Lifestyle

A Look Back – Natural Disasters in 2016

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2016 has been a challenging year for first responders all across the nation. Natural disasters abounded. Numerous deaths can be blamed on these disasters.

All corners of the United States suffered from some type of natural disaster. These ranged from hurricanes, severe storms, flooding, blizzards, and tornadoes to wildfires and earthquakes. Let’s take a moment to look back on some of these.

Blizzards and Winter Storms

blizzard

Photo: By Jim McDevitt Photographer. U.S. Army Corps of Engineers

January and February gave birth to the 2016 North American winter storm. This storm created havoc from Texas to Canada, California to New England. In front of the storm, massive thunderstorms developed leading to a huge tornado outbreak.

Ohio Valley received 17 inches of snow. Southern California saw 70,000 people without electricity. The Midwest developed blizzard conditions and received over 18 inches of snow. Wolf Creek Pass got more than 23 inches of snow in 24 hours as the storm passed. Multiple feet of snow covered the mountains of Utah and Colorado.

Maximum snow depth in Glengary, West Virginia measured forty-two inches. Baltimore, Maryland recorded its largest snowfall on record.

Earthquakes

Earthquake damage

Photo: Flickr/Thomas Hawk

In 2016, the earth shook quite a few times. Eight 5.0 and stronger earthquakes erupted across the U.S. On January 24, 2016, an earthquake measured 7.1 east of Old Iliamna, Alaska at a depth of 80.2 miles. Four homes were destroyed in Kenai after a gas leak.

A magnitude 6.3 earthquake struck offshore to the U.S. 45 miles south-southeast of Atka, Alaska on March 12, 2016. Its depth registered 11.8 miles. It was followed by a magnitude 6.0 aftershock on March 19th.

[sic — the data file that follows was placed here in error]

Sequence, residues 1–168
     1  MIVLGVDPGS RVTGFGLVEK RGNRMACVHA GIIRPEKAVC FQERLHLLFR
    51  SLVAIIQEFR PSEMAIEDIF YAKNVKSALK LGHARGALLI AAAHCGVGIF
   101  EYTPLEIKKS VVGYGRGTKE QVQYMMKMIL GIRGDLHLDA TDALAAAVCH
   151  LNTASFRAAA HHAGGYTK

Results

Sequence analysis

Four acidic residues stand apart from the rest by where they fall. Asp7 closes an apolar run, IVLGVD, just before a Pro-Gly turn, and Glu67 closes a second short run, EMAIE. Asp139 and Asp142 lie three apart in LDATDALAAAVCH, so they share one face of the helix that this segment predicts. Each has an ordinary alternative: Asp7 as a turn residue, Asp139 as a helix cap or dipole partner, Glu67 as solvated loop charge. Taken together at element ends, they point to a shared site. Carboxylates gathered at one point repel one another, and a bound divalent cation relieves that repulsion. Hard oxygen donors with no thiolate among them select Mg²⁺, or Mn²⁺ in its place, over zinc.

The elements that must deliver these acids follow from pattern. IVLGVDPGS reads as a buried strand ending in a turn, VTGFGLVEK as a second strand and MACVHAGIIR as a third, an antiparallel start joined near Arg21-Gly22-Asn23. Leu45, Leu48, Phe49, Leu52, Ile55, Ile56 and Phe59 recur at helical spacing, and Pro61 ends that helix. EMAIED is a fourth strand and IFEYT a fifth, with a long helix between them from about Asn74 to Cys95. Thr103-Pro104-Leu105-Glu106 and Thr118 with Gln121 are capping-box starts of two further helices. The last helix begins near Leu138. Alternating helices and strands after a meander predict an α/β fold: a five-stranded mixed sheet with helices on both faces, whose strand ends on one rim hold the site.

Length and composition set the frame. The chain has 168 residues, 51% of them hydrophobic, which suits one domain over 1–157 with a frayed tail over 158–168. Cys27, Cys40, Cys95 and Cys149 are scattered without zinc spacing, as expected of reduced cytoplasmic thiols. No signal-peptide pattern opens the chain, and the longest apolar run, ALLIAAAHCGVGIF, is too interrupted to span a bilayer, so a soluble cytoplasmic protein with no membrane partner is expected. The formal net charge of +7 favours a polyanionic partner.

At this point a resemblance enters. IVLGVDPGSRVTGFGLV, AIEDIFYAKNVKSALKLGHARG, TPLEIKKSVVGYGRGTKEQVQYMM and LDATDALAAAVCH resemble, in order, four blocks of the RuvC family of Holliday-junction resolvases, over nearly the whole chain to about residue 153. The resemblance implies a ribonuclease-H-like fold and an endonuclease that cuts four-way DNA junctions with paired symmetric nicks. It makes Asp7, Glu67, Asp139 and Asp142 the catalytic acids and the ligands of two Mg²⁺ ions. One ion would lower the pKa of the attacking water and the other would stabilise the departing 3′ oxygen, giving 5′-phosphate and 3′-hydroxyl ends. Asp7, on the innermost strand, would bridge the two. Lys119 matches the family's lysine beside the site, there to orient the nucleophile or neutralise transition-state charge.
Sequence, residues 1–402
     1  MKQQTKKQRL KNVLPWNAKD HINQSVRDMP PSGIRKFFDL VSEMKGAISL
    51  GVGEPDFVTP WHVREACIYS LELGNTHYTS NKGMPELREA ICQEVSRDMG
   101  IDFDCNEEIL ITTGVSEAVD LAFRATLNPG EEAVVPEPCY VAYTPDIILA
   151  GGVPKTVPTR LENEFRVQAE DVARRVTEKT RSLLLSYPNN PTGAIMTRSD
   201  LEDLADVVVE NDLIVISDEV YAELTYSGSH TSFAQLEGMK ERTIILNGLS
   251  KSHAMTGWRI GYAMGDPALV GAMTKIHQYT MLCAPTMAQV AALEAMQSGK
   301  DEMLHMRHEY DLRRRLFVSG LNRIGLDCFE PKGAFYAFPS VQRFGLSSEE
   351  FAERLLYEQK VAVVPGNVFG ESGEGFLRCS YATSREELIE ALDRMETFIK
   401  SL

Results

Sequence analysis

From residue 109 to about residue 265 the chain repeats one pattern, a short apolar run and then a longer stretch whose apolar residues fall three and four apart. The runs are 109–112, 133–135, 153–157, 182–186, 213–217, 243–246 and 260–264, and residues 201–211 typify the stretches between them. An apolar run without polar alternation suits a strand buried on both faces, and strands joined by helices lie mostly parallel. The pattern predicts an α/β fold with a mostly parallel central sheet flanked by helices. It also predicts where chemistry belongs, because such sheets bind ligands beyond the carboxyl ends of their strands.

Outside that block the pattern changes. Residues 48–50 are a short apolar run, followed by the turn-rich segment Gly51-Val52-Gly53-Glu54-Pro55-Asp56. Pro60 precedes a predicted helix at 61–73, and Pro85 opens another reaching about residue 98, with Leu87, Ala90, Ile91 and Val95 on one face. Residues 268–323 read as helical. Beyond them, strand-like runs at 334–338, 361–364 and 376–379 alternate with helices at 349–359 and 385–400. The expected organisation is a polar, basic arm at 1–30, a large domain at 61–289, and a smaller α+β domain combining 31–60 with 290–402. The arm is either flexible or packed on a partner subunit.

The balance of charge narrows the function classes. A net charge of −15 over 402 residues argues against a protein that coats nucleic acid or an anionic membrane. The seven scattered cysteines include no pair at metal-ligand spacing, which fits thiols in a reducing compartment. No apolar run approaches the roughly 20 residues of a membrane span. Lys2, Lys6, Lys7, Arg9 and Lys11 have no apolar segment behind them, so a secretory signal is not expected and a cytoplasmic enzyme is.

On September 3, 2016, northwest of Pawnee, Oklahoma registered the strongest earthquake ever to occur in the state. With a magnitude of 5.8, the earthquake caused injury to one person and damage to buildings in Pawnee.

Multiple buildings and minor injuries were reported in Cushing, Oklahoma a few months later on November 7th. The earthquake measured at a magnitude of 5.0.

Heading back to Alaska, another quake struck offshore 33 miles south of Shemy Island. This one measured 6.0 on December 3rd.

Last but not least, December 8th a magnitude 6.5 earthquake struck offshore approximately 99 miles west of Ferndale, California.

Supercell Storms and Flooding

severe thunderstorm

Photo: Flickr/MattysFlicks

Unprecedented storms and flooding drowned quite a few states between April and August. A minimum of forty-six confirmed deaths resulted from the flooding.

Starting mid-April, Houston, Texas flooded. In what has been called the wettest April in the city ever, more than 17 inches of rain dropped in one day on parts of the city. Up to four inches of rain per hour fell one morning at George Bush International Airport.

In Maryland, a severe thunderstorm dumped six inches of rain in two hours around Ellicott City. The resulting flash flood damaged many homes, businesses, sidewalks, and city landmarks. Main Street remained closed for more than two months after the flooding.